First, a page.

Norman Local Customs

  • once a bank, always a bank?
    once a bank, always a bank?
    by mrclay2000
  • once a bank, always a bank?
    once a bank, always a bank?
    by mrclay2000
  • bay window on law offices
    bay window on law offices
    by mrclay2000

Most Recent Local Customs in Norman

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    A Bank is a Bank is a Bank

    by mrclay2000 Written Jun 3, 2003
    once a bank, always a bank?

    The second of the ongoing financing concerns in Norman sits on the southeast corner of Peters and Main. Now Arvest National Bank, the entablature reads "Security National Bank," and dates in the doorway read both 1914 and 1924. This is either a latecomer to the historical district, or a replacement for a former building, but a fitting complement to the Renaissance banking house opposite the intersection.

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    It's a Bank - So What's to Tell?

    by mrclay2000 Written Jun 3, 2003
    once a bank, always a bank?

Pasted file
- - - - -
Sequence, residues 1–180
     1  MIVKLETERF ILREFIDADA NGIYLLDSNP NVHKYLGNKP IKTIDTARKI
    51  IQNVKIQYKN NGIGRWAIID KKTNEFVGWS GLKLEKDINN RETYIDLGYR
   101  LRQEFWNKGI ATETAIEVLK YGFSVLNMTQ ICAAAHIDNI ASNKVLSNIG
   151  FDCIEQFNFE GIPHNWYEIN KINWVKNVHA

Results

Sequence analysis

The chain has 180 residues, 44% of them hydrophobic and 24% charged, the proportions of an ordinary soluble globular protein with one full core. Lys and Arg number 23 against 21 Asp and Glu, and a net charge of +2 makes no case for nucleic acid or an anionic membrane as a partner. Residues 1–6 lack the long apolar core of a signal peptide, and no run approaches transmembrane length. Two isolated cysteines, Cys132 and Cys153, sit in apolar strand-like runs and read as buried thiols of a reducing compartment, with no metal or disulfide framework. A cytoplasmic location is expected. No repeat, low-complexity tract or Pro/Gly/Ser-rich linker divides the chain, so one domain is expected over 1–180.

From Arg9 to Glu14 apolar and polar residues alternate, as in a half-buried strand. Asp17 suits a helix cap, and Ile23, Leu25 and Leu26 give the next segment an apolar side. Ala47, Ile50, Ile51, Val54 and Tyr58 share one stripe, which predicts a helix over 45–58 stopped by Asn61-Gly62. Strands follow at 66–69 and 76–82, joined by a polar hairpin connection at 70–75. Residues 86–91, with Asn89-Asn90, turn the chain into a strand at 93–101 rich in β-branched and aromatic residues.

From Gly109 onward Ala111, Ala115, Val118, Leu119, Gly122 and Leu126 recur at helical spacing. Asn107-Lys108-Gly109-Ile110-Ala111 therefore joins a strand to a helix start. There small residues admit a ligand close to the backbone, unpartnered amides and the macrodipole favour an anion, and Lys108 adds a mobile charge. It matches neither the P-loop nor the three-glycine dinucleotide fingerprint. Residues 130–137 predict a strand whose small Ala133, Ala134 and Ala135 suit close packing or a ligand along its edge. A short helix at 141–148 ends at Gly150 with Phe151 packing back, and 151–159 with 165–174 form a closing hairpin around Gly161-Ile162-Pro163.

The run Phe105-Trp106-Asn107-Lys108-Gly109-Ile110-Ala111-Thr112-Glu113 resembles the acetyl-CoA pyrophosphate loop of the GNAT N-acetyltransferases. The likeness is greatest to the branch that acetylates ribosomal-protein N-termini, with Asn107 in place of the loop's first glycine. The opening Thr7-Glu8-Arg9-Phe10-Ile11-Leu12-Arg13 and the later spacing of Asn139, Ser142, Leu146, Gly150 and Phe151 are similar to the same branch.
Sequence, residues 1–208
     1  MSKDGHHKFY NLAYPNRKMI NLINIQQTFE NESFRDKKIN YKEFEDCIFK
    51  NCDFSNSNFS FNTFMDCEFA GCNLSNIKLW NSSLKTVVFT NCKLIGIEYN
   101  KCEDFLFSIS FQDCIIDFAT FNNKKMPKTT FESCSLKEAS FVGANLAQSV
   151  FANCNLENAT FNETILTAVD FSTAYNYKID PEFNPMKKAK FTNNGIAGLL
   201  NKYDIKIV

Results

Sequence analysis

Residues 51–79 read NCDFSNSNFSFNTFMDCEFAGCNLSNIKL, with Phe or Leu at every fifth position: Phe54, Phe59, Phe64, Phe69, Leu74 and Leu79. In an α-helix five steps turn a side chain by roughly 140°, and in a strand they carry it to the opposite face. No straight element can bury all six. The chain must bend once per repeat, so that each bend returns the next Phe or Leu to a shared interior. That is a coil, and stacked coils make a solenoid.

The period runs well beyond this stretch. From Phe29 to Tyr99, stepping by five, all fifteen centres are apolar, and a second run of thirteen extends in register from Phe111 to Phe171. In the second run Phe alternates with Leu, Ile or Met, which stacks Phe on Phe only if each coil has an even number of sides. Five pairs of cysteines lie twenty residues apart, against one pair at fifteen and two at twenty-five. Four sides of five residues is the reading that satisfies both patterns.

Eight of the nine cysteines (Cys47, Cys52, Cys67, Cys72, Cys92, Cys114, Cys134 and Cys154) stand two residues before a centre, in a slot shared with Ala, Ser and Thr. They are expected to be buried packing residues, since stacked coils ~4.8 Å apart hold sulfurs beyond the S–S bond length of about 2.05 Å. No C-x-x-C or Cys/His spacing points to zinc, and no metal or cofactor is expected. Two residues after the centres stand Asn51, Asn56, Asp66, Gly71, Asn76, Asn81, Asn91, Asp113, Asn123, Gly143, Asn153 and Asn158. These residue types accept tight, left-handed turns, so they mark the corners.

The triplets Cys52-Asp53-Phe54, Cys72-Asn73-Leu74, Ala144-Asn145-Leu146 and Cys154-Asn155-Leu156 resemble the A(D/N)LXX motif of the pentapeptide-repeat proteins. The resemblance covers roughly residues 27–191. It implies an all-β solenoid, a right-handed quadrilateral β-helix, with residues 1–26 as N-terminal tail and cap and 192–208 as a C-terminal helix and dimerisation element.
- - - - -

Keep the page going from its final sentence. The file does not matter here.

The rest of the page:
There are at least two original buildings along the historical drag on Main Street that retain their original purpose (albeit under new owners). The first of these (in the historical district but quite unlike the other facades) is the imposing graystone Renaissance structure on the northwest corner of Peters and Main. Now the First Fidelity Bank, its entablature reads either CNB or GNB, of which the last two characters mean "national bank."

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    Going the Extra Expense

    by mrclay2000 Updated Jun 3, 2003

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    bay window on law offices

    When frontier town planners built their main thoroughfares, the more prominent buildings used towers, fancy entablatures and probably oriel or bay windows in their architecture. Some of the original bay windows from Norman's historical district still remain on their facades. An additional expense to the proprietor, such windows were created to allow more light to shine into the parlors (except perhaps in this instance, now that the building has been taken over by a modern law firm). Like many of the other older buildings, the original owner (here, Alden) retains his name in the entablature.

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    • Historical Travel
    • Architecture

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Norman Local Customs

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